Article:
(Closed) Does this sound like a good complaint letter?

posted 6 years ago in Career
  • poll: What should I do?
    Send the darn thing!! : (1 votes)
    2 %
    Don't Send it! : (42 votes)
    98 %
    Make some changes, then send! Suggestions Below! : (0 votes)
  • Post # 3
    Member
    13010 posts
    Honey Beekeeper
    • Wedding: November 1999

    Honestly, I think the letter should be sent by the person it directly affects.  The company is going to read this and disregard it because there are no specifics, no names, and no ways to dispute your claims.  In My Humble Opinion, you have no standing to right a letter like this, and you probably don’t know all of the facts.  It’s best to either (1) sign your name and state specifics or (2) have the person write their own complaint independent of you.

    Post # 4
    Member
    2725 posts
    Sugar bee
    • Wedding: November 2011

    I love complaint letters as much as the next person but unless you have facts and dates to corroborate I really wouldn’t send this. I sent a letter to the editor once about my former aparment building. It had facts, dates, etc (I had written down all of the icidents, brought it to the attention of the apt manager and gave them time to address the issues-they didn’t) but they still sent me a nasty letter that they could sue me and I ended up being let out of my lease. 

    Post # 5
    Member
    418 posts
    Helper bee
    • Wedding: November 1999

    Yeah, sorry. I woudln’t send it. First of all, many states are right-to-work states, meaning employment can be terminated at any time for any reason…it’s legal. Does it seem fair, no. But it is what it is.

    Secondly, for the references, if they say anything bad, that is a legal issue and they could face a lawsuit. But it’s unlikely that the person calling for the reference would actually tell the interiewer exactly what was said.

    So unless you included VERY SPECIFIC date and time and names, you just sound like a complainer for the sake of complaining. If you and these people truly feel that things are wrong with how they treat their employees then THEY should file a report/claim with their states labor people. They’ll investigate it and handle it accordingly.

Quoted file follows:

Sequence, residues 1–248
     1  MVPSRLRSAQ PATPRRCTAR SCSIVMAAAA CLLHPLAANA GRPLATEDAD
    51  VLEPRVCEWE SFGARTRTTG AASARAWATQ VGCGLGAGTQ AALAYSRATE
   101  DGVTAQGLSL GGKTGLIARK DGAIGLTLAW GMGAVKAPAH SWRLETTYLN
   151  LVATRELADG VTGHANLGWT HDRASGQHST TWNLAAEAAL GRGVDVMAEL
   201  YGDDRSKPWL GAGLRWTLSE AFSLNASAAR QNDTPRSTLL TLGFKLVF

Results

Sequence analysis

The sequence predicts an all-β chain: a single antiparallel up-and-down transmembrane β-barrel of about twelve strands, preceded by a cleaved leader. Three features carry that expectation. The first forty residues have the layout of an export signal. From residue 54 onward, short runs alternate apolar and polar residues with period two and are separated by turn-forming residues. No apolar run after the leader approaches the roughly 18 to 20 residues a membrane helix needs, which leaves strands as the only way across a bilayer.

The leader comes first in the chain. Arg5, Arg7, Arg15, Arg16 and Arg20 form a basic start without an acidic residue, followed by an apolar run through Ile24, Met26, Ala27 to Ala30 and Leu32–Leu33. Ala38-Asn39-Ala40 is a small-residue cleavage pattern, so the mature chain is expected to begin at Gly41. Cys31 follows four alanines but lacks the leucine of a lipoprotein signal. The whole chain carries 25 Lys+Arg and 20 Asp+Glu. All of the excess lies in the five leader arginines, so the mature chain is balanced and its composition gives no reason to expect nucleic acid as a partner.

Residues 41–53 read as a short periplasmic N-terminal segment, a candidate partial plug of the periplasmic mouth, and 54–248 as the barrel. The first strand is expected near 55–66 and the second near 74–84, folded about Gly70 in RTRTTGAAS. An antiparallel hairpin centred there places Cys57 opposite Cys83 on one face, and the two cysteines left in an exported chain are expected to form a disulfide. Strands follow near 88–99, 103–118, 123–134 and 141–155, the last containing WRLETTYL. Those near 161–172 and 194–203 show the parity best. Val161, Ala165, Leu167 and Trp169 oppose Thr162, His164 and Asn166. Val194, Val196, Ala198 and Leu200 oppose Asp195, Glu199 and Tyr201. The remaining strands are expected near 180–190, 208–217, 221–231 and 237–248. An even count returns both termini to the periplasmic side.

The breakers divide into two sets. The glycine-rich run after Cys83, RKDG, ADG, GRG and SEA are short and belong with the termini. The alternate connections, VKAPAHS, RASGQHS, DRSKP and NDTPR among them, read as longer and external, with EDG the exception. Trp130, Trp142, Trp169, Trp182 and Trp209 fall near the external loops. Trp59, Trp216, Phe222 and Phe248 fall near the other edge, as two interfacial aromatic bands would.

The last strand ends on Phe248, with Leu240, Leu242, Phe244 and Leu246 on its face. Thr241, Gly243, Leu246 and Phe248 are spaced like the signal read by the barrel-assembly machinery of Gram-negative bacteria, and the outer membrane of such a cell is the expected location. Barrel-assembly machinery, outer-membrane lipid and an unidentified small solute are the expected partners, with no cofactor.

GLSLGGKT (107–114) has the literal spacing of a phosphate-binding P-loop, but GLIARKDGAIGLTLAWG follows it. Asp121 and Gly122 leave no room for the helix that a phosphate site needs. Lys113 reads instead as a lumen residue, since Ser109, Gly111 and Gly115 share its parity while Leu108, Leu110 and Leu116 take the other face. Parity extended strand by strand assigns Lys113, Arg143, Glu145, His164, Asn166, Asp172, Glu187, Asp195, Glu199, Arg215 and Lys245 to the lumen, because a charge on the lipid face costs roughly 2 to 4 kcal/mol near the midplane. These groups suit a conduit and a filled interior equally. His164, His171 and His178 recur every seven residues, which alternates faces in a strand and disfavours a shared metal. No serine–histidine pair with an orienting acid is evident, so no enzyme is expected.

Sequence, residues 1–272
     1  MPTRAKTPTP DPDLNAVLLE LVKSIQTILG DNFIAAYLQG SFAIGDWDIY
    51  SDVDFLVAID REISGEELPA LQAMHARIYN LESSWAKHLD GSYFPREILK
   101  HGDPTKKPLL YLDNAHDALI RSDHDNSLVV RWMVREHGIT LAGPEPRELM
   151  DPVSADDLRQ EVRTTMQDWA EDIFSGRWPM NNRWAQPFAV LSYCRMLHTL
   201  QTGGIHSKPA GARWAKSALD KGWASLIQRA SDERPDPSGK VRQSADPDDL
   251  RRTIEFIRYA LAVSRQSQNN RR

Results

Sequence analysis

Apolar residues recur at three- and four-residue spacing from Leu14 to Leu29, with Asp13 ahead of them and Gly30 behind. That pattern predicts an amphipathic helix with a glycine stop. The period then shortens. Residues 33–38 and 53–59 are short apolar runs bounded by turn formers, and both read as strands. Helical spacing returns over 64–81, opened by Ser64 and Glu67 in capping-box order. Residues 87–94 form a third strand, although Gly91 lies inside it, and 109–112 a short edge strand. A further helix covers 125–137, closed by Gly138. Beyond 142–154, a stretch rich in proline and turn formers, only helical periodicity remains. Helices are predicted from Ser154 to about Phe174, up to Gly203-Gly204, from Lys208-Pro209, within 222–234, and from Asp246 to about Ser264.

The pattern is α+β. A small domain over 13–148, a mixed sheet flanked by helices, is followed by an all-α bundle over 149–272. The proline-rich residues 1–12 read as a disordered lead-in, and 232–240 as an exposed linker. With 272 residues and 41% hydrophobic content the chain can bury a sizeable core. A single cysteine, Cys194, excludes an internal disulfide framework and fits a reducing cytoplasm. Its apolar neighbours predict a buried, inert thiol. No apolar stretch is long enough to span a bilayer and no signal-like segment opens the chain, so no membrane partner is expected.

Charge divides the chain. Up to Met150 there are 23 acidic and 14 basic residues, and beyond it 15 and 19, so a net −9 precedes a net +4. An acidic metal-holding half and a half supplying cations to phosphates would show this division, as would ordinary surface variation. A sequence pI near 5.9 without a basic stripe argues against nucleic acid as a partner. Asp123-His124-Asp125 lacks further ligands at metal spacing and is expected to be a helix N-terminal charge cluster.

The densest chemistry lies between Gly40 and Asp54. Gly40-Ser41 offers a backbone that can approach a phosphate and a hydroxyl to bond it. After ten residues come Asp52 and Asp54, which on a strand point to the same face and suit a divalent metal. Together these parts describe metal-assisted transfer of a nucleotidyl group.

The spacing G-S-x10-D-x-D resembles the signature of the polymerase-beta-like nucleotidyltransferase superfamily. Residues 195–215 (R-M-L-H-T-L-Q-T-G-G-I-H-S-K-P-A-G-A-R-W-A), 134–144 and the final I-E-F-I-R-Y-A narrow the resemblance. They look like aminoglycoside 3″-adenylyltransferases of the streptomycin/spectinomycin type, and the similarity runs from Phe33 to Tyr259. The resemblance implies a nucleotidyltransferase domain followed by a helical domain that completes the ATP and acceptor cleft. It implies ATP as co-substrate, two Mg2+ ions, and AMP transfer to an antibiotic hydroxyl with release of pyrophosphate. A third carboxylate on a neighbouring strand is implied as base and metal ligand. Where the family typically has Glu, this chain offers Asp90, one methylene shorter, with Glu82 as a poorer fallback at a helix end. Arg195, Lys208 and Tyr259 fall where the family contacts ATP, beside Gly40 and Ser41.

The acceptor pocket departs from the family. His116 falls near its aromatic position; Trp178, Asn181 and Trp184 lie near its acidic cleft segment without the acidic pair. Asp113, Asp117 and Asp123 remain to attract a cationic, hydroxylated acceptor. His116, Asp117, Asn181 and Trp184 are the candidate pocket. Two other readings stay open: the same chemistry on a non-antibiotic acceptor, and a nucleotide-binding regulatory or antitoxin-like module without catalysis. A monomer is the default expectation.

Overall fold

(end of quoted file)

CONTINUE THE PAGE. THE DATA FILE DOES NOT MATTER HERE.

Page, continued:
But bottomline…this isn’t your fight, it’s theirs. And honestly they won’t give your letter another thought.

    Post # 6
    Member
    3773 posts
    Honey bee
    • Wedding: December 1999

    I wouldn’t send that letter, I would find a new job. Unless you have a contract or work for a union, unfortunately your employer can terminate you pretty easily and they can give a reference saying they wouldn’t hire you back. All of the things you complained about are something that make a company terrible to work for, but it they aren’t illegal and are actually pretty common.

    Post # 7
    Hostess
    16213 posts
    Honey Beekeeper

    I think it’s really admirable of you to stand up for those close to you who have been wronged, but I’d tread lightly. I don’t actually know enough about employer rights to give you an informed response, but I do think that submitting a letter devoid of facts and documentation could put you in a very bad position. Some of the language, like “destroy,” is pretty inflammatory, and I’d hate for there to be retribution against you for just being concerned.

    Post # 8
    Member
    6349 posts
    Bee Keeper
    • Wedding: August 2014

    What everyone else has said. This isn’t your fight; it’s theirs, and they are the only ones who should be complaining.

    It is also far too general; it could have been written by anyone, to anyone. Whenever you make a complaint it is important to include specifics eg names, dates, details of any alleged incidents, etc.